Florida Senate President Joe Negron, R-Stuart
Like President-elect Donald Trump, who has promised to “drain the swamp” in Washington, Corcoran said lobbyists have too much power.
House rules bar lawmakers from flying on lobbyists’ planes, prevent lawmaker-lobbyist business relationships and ban members from lobbying until six years after leaving office.
As Corcoran castigated lobbyists — a profession that includes his brother Michael, who is a partner in a powerful Florida firm — several former speakers who are prominent lobbyists listened in the front row. They included Democrats James Harold Thompson and Lee Moffitt and Republicans Tom Feeney and Dean Cannon.
Corcoran, whose wife, Anne, founded a Pasco County charter school, said the Florida Education Association, a teacher union and key Democratic ally, is “destroying the lives” of children by fighting school choice.
He also called for 12-year term limits for judges and for shifting the Medicaid program to states as Trump has proposed.
Not even the governor escaped the wrath of Corcoran, who wants to wipe out taxpayer-funded incentives that Scott says are essential to attract new jobs to Florida.
“Too many hundreds of millions of tax dollars are wasted on corporate welfare because we’ve lost sight of what we believe,” Corcoran said.
Scott, who is entering his final two years as governor, had left the House chamber by the time Corcoran spoke those words.
Corcoran, 51, a lawyer who has been a top House staffer and partisan political operative, becomes the second speaker from Pasco County in the past two years after Will Weatherford. A father of six and a devout Catholic, Corcoran enjoys long discussions of politics, especially while smoking fine cigars.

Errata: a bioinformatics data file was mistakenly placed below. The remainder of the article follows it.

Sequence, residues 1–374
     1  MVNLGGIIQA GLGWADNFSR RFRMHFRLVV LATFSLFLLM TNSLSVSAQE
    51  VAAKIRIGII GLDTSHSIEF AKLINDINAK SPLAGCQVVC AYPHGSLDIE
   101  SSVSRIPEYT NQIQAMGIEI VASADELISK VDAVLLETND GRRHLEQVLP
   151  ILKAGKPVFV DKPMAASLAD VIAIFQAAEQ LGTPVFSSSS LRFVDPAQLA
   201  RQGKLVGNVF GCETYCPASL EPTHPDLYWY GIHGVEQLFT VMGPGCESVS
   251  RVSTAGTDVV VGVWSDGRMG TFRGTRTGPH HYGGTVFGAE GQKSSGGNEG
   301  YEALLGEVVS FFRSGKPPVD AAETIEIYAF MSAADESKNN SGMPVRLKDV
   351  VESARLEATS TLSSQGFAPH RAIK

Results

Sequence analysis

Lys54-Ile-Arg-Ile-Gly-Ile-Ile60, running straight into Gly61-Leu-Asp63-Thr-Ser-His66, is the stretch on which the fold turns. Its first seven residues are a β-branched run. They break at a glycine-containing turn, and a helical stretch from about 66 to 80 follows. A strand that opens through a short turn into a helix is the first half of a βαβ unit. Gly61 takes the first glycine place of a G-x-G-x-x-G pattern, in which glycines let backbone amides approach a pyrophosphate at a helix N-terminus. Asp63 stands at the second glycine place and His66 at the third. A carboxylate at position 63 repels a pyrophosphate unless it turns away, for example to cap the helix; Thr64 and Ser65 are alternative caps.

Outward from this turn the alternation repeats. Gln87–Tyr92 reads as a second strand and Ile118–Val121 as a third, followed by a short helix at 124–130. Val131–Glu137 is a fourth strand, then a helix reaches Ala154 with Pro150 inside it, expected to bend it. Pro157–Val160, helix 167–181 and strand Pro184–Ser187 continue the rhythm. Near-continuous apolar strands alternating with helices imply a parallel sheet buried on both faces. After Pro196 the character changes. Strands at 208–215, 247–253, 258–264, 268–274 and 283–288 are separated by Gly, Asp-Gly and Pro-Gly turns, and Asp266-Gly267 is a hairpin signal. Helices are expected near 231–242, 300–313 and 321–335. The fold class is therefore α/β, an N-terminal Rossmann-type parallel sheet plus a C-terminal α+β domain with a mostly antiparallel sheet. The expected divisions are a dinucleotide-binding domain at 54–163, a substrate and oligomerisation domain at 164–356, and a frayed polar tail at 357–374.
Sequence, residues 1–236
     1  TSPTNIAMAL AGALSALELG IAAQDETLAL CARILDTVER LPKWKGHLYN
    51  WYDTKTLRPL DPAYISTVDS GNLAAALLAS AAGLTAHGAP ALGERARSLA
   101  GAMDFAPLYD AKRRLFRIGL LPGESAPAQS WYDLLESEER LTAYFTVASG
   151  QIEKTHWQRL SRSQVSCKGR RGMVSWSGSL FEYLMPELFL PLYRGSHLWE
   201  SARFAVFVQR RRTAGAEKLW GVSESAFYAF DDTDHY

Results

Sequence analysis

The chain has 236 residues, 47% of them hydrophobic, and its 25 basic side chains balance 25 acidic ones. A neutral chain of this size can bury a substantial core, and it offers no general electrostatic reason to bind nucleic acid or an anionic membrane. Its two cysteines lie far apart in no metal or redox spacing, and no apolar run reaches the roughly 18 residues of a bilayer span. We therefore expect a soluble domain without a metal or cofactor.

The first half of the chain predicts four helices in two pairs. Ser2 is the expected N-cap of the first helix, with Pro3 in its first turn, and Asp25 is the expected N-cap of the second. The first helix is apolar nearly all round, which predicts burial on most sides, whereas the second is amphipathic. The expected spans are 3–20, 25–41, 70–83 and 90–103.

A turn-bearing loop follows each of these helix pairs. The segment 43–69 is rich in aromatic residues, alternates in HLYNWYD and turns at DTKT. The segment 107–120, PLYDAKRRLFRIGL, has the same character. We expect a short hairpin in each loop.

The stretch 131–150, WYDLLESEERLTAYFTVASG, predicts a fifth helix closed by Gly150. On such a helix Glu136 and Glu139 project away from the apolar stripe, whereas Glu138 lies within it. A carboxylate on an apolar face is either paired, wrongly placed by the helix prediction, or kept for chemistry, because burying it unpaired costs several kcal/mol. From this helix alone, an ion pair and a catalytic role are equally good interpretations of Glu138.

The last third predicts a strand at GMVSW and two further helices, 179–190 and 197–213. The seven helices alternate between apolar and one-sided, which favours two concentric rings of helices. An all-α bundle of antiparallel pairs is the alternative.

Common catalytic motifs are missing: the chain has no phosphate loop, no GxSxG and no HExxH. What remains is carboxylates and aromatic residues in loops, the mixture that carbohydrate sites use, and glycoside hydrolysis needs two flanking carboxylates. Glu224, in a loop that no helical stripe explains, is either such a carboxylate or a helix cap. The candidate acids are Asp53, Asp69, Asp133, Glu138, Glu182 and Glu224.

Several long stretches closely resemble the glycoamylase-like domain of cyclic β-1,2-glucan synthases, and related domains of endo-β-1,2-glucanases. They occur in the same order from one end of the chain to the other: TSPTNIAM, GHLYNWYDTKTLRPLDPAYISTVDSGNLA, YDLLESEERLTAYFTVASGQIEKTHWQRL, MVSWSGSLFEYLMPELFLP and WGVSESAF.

Negron, a 55-year-old wonkish lawyer from Stuart, secured the presidency more than a year ago after a three-year battle with Sen. Jack Latvala, R-Clearwater.
Latvala was given the second most powerful post, the chairmanship of the budget-writing Appropriations Committee, in return for conceding the leadership fight to Negron.
66 of the Florida Legislature’s 160 lawmakers are freshman for the 2016-18 term: 20 senators and 46 representatives.
In the Senate, 25 Republicans and 15 Democrats took the oath of office, including 20 newcomers, the largest freshman class in the history of the Senate.
The House seated 79 Republicans and 41 Democrats, including a freshman class of 46 — 24 Republicans and 22 Democrats.
The House freshman class includes Rep. Robert Asencio, a Miami Democrat, who won the closest election in the state and was certified the winner Tuesday by 53 votes over former Republican Rep. David Rivera, who fell short in a manual recount of ballots.
Corcoran’s sweeping changes to House operations include a revamped House website, myfloridahouse.gov, where he posted an announcement Tuesday.
“There will be live and YouTube videos, a lobbyist database that the public can crowdsource with us to ensure ethics compliance, new and improved committee and floor calendars, and so much more,” it said.
Herald/Times staff writer Michael Auslen contributed to this report.